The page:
Of late I’m finding it increasingly hard writing in a proper way.
By “proper” I mean seated at a desk with my laptop in front of me and banging away at the keyboard merrily. Or doodling endlessly on my notepad while sitting in a comfortable arm chair. All the while, undisturbed.
Well for one thing, I’ve bitten a bit more off than I can chew. You see, through a good friend’s connection, I took up an intense seven week teaching/assessment course that I have been running since the start of this week. It required me to teach online daily six days a week for five weeks, followed by assessments galore to grade!
At the same time, I’m also wrapping up two other teaching stints these couple of weeks.
So yes, I can definitely say what my countrymen daily say when asked how they are: “BUSY!”
And since it’s still largely WFH (work from home) for the time being, when a busy online teaching day is done, the last thing I wanna do is sit in front of a screen again (except maybe the living room telly). Or to even stay home. And don’t even get me started on how my aging mind’s taking longer these days to unwind; even hours after the sun has set!
Now where pray tell will that leave my writing?
Where did other writers do it?
Okay the good news is I’m actually in great company.
Jane Austen had to write amidst dealing with a busy family life (hey Ms Austen, high 5!). Ernest Hemingway wrote standing up most of the time apparently, while D H Lawrence preferred doing it while sitting under a tree (bet he didn’t have to contend with the ants found under every tree on my tropical, equatorial, humid, island of a garden city-state).
Both Agatha Christie and Ben Franklin created and wrote in bathtubs (though clearly never in the same one simultaneously!). Edith Wharton did it while staying in bed under her covers, with her trusted pet dog beside her. And Stephen King? Apparently at one point, the laundry room of all places!
The point is, there really isn’t any fixed rule anywhere that says I must write my magnum opus only when I’m nicely sequestered at my desk. Of course I did once mention in an old post on my writing heroes that the wife of Moby Dick author Herman Melville, had to tie him to his desk so he could complete his immortal classic!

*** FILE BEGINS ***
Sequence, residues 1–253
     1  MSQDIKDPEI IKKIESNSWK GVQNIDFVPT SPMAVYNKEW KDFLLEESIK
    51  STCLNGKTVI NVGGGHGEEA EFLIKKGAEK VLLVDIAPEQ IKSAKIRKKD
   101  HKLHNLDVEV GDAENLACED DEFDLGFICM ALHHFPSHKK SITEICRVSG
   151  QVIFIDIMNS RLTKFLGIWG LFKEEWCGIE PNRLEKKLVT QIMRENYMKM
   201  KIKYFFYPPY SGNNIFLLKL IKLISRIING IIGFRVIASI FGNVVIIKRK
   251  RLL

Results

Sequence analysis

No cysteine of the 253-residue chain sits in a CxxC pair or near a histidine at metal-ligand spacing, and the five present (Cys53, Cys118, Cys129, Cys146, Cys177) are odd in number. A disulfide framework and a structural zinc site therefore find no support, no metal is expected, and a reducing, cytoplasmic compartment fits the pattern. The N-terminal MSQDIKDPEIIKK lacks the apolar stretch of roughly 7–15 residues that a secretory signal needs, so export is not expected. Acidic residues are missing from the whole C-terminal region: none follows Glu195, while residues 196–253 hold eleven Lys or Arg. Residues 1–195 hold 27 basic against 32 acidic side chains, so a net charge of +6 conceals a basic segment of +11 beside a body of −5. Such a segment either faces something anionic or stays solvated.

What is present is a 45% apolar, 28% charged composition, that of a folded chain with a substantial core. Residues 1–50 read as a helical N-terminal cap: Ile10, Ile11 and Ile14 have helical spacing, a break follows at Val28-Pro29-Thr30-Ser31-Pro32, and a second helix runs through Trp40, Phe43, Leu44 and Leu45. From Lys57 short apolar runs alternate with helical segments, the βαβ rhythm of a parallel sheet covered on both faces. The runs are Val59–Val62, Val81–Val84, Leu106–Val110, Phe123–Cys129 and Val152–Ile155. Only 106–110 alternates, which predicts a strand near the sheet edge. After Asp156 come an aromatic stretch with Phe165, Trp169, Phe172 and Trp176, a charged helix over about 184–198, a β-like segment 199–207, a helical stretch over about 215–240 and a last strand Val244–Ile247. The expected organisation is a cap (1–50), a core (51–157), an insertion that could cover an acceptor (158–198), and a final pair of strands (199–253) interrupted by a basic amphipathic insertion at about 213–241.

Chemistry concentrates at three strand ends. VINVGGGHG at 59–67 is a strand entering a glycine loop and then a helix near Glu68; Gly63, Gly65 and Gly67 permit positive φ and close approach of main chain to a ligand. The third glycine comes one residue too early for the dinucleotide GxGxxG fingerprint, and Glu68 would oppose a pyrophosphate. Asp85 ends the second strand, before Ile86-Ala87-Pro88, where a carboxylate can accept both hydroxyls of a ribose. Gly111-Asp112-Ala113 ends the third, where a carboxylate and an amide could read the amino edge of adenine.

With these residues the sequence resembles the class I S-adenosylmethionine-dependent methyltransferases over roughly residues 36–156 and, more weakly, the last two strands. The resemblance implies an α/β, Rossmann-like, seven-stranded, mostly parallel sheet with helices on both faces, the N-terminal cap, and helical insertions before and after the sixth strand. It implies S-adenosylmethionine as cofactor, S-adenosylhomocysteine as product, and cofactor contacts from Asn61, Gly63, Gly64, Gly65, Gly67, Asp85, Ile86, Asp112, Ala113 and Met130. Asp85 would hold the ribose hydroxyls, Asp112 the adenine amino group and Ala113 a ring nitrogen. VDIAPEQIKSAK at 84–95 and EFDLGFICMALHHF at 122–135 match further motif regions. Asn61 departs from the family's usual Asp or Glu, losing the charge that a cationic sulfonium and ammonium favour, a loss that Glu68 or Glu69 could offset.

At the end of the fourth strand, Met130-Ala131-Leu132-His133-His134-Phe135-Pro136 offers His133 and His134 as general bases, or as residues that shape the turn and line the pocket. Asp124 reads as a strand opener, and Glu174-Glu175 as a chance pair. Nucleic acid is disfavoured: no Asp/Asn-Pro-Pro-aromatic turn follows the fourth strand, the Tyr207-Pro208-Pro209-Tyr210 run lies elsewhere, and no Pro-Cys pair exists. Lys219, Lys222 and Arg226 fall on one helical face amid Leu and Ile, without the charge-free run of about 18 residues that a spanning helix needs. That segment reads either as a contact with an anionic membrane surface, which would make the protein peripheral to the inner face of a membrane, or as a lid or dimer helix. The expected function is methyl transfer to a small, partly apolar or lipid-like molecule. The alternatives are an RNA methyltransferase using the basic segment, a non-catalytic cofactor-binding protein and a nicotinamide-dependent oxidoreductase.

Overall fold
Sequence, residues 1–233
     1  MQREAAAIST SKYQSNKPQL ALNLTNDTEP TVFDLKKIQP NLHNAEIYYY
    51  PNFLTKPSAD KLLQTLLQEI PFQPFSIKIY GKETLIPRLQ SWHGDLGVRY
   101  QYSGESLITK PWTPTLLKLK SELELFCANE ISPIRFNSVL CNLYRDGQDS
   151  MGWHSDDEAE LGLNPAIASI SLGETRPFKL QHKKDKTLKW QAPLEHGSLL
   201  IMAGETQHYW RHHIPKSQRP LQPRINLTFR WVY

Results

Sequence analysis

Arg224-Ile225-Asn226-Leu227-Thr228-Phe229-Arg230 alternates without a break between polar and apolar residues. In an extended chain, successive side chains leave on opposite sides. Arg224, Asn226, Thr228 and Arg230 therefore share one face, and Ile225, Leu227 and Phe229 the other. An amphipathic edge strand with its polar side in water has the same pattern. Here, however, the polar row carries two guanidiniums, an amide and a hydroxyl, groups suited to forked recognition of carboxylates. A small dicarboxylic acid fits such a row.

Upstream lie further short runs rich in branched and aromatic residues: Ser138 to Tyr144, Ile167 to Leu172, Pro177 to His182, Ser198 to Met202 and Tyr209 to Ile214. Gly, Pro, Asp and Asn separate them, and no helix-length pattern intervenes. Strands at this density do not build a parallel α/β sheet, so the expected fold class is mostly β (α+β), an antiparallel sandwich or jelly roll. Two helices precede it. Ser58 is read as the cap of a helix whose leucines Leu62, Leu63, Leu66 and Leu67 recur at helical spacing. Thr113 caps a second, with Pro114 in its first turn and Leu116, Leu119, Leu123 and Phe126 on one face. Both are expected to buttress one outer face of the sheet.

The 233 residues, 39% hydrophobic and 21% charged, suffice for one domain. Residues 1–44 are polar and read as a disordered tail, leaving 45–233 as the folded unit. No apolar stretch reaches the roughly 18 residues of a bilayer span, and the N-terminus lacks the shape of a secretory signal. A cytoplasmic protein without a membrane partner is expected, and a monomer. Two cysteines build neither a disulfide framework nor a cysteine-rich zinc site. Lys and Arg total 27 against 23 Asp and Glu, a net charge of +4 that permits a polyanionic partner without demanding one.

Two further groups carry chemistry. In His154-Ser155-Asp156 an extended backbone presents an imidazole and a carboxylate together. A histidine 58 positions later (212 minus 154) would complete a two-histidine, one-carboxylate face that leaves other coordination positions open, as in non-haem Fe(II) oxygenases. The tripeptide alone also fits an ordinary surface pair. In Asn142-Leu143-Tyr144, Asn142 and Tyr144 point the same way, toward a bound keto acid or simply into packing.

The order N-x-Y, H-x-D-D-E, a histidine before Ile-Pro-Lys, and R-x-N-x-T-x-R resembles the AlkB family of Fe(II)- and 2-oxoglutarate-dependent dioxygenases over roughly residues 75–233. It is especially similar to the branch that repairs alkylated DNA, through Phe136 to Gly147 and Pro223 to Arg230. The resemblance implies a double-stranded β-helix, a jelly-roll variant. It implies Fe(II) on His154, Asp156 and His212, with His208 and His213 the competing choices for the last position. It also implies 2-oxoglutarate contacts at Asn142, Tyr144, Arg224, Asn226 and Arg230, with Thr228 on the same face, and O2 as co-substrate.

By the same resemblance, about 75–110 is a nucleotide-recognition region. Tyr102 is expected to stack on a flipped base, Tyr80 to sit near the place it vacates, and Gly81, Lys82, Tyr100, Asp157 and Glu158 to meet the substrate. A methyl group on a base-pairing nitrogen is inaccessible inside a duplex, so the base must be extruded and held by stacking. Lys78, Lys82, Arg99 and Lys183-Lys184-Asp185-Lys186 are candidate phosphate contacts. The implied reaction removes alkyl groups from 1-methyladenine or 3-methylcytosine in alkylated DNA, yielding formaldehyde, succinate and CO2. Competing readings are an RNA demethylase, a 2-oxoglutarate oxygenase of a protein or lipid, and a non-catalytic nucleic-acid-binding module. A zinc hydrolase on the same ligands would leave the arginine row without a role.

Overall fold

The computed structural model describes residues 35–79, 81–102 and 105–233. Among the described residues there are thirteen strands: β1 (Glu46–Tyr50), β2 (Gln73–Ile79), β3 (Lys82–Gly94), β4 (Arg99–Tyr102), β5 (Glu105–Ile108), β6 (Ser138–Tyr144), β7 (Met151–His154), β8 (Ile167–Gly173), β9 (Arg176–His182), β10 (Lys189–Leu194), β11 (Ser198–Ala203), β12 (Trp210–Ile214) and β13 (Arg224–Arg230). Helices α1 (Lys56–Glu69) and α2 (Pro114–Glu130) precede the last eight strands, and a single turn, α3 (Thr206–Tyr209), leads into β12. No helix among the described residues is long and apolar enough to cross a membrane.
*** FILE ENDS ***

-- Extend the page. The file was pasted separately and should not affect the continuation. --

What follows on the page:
Finding the space, time and mind to write
All these luminaries of the writing world and their writing lives and styles make one thing painfully clear.
No matter what happens or how ill-suited it may seem, writers can’t be choosers when it comes to picking a time or place to write. We just have to steal whatever time and space we can find, and just hunker down to get the job done!
Now I’m not saying it’s easy. I can tell you it’s not. And in this modern, distraction-at-every-corner-of-your-eye world we now live in, there are days it’s practically impossible.
Yet what choice do we have as writers? We have to take whatever we can get and press on.
So I must now muster whatever seconds I can steal between teaching and family; whatever nooks and crannies in my small cramped apartment I can find — at or (gasp), even under the dining table — with whatever method (like brain-dump-whatever comes to mind without censor) or instrument (phone, or scraps of loose paper within reach) I can find.
Persevere, for the writing will come
It’s not about speed, or even quality anymore. Not when you’re attacked on every side by dastardly deadlines coming at you like the runes-tattooed tentacles on that octopus monster in Dr Strange and the Multiverse of Madness.
No, I’m not saying that we dish out drivel. No self-respecting writer would dignify that, though we do dish out lots of vomit first drafts.
It’s about “”trusting the process”.
That as we have been doing since we became writers, we keep up the writing like any disciplined athlete would keep up their running.
So whether that means thumbing madly on our phone while waiting for the elevator to come or the pedestrian crossing light to favor us. Or dashing off a line or two on post-its in between lesson breaks. Or just lying down in bed with a notebook and pen on hand while recovering from Covid-19.
The point is to keep at it, snatching any moment, anywhere, and in any state of mind.
For that’s how over time and with perseverance, the writing will come.
Just like it has with this post!
[PS For the record I was at, not under, the dinner table when I completed it]